The three men who killed newspapers

An unpublished column levels blame at three unlikely suspects

For many, the abstract reasons we’ve been given to explain the death of newspapers—the Internet, decline of advertising dollars and media conglomerates—have been cold comfort. This essay, retrieved from newspaperman John Walter’s desktop a few months after he died, gives out-of-work journalists and readers starved of local news what they really want: someone to blame. Walter, who served as executive editor of The Atlanta Journal-Constitution and was a founding editor of USA Today, pins the whole mess on three men: a columnist who wrote about one-newspaper towns in The New Yorker in 1949, a layout editor who made newspapers look more like magazines in the late 1960s and an enterprising general manager of a newspaper chain in Rochester, NY.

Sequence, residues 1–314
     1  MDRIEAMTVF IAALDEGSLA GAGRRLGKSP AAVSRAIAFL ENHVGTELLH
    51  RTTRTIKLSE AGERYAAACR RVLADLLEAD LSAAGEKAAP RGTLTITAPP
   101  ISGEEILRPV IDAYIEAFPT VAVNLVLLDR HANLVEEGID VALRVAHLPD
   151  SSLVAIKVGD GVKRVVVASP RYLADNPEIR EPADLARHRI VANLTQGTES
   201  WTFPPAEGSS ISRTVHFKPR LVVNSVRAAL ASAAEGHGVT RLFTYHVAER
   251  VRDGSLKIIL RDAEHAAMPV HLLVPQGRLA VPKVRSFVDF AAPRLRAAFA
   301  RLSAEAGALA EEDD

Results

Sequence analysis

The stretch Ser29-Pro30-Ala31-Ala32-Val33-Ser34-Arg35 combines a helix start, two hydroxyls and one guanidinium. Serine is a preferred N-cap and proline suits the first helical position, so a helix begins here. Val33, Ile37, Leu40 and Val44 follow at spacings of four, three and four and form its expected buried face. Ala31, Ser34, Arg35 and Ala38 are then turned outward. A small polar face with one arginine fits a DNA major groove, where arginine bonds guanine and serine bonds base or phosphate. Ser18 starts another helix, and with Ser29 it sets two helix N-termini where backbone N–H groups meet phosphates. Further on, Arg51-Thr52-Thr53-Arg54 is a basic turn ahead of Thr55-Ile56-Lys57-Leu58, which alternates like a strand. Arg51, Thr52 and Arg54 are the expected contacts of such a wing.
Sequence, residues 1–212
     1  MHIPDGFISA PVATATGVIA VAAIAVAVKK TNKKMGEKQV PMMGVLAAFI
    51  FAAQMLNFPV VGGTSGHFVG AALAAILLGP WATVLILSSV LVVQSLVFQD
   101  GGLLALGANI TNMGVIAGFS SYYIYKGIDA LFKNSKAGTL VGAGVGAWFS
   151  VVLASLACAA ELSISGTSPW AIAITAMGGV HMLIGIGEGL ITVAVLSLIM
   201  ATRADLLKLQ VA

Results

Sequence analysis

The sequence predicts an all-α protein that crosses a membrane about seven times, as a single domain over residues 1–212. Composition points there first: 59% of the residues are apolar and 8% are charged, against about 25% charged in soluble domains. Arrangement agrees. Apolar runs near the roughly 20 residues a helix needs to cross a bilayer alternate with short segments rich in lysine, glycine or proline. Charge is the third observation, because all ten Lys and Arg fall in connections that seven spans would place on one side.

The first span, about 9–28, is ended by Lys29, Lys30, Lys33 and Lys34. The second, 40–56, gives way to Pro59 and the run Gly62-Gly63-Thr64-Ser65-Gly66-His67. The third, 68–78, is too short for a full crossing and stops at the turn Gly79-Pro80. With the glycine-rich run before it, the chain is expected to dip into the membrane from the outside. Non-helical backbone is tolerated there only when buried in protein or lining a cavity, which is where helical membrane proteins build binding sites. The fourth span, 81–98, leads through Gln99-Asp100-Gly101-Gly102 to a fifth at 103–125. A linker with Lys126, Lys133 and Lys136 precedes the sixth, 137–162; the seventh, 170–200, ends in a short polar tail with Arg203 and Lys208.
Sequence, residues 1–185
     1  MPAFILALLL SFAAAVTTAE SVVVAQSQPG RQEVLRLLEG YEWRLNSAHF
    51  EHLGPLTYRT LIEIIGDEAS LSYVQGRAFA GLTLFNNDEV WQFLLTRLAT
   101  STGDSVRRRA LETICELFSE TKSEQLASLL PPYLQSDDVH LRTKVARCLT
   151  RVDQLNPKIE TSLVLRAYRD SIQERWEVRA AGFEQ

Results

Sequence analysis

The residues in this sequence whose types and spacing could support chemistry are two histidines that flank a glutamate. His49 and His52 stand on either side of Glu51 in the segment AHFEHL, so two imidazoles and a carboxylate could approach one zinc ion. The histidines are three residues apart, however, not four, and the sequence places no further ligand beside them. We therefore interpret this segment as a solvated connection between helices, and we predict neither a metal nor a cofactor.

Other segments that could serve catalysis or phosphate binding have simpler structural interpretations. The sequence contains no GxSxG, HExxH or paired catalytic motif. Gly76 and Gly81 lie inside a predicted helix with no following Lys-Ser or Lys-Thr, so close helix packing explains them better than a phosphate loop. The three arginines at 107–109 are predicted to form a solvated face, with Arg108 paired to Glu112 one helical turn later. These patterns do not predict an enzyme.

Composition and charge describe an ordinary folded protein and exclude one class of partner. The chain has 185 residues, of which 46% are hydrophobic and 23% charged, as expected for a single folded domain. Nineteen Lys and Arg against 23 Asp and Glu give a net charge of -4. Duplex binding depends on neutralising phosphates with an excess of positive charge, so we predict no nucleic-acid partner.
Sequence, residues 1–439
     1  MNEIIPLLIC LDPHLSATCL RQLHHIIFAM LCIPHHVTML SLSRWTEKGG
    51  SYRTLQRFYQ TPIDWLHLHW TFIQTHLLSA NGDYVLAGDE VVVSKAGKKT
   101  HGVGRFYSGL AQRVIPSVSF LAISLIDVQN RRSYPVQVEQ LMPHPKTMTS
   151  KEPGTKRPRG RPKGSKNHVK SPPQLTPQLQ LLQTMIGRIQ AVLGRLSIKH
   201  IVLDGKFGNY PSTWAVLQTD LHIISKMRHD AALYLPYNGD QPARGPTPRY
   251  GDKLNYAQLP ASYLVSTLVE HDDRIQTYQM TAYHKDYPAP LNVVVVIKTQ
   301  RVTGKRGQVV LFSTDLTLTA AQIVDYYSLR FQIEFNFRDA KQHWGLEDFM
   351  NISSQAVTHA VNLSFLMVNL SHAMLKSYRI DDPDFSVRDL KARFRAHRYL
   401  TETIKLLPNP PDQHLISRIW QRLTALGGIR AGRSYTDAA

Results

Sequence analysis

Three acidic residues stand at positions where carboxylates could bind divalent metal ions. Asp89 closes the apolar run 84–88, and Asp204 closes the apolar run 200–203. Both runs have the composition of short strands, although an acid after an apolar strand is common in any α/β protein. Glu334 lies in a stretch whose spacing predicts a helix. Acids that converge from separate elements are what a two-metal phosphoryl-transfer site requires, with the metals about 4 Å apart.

Looking for more?

Get the best of Maclean's sent straight to your inbox. Sign up for news, commentary and analysis.